While there are many ways to make sure your server is as secure as possible, there are some basic steps that we can take to increase security. Users with a Linux server can change their SSH port to something other than the SSH default port (22). The steps listed below outline how to change SSH port numbers and enable the change.
Step #1: Reconfigure SSHD
The easiest way to change the SSH port is to SSH into the server as root.
Once logged in to the server as root, we can begin editing the sshd_config file. Follow best practices and take a backup before performing any server modifications.
cp /etc/ssh/sshd_config /etc/ssh/sshd_config_backup
Now we are ready to modify the file. Open /etc/ssh/sshd_config in your favorite text editor (for this example, we will use Vim).
We use the pound or hash symbol (#) for commenting, which tells the server to ignore anything after it on the same line. For example, if your sshd_config file is unaltered, the # may be commenting out the Port setting, as in the image below.
Locate the line that specifies the port. Remove the # symbol and change port number 22 to one that is not in use by a different service. For this example, we will use port 2222.
Next, save your changes using the :wq command and close the sshd_config file.
Step #2: Updating Your Firewall
Now, we need to open the new port in the server's firewall. This tutorial describes firewall changes on a standalone dedicated or virtual private server. Existing Liquid Web customers with a hardware firewall can contact our support team for assistance with adjustments.
Once again, we will use Vim as our text editor to make changes to the APF firewall configuration.
Again, follow best practices and create a backup before making any changes.
cp /etc/apf/conf.apf /etc/apf/conf.apf.bak
Open /etc/apf/conf.apf in Vim (or your favorite text editor) and locate the line labeled Common ingress (inbound) TCP ports.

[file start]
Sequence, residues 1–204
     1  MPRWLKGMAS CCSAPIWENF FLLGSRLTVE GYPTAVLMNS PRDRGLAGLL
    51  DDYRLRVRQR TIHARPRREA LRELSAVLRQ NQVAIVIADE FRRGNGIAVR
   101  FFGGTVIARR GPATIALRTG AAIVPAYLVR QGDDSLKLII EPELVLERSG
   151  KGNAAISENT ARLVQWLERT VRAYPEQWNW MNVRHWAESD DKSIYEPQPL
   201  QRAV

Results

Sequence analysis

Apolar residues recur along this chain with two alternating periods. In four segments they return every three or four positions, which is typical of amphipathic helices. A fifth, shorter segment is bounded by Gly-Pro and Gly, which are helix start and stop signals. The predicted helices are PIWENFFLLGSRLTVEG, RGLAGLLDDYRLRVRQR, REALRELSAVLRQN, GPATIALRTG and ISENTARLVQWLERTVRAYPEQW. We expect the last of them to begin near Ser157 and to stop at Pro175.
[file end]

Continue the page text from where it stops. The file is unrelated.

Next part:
Add your new SSH port number to the list of existing ingress ports, following the format of the existing port numbers. Save your changes to the conf.apf file and close your text editor.
Step #3: Restart Services
You must now restart SSH and APF to activate your changes. You can do so by running the /etc/init.d/apf restart command followed by /etc/init.d/sshd restart, as seen in the code block, and then the output below.
# service sshd restart /etc/init.d/sshd restart # service apf restart /etc/init.d/apf restart
SSH will then restart and begin listening on the port number you have specified.
If you change the SSH port number, it is essential to note that this will also alter how you need to run specific commands that utilize SSH. For example, commands like scp and rsync require the new port number specified.
A managed hosting provider needs to have your SSH port on file to give you the best support (and often fix problems before you know they are happening). For Liquid Web customers, log in to your My Liquid Web account and update your root user and SSH information.
Need Additional Security?
Securing this connection is only one step in improving your overall server security. Preventing unauthorized SSH access to your server blocks those who seek to gain access for malicious reasons.
Our Sales and Support teams are available 24 hours by phone or e-mail to assist.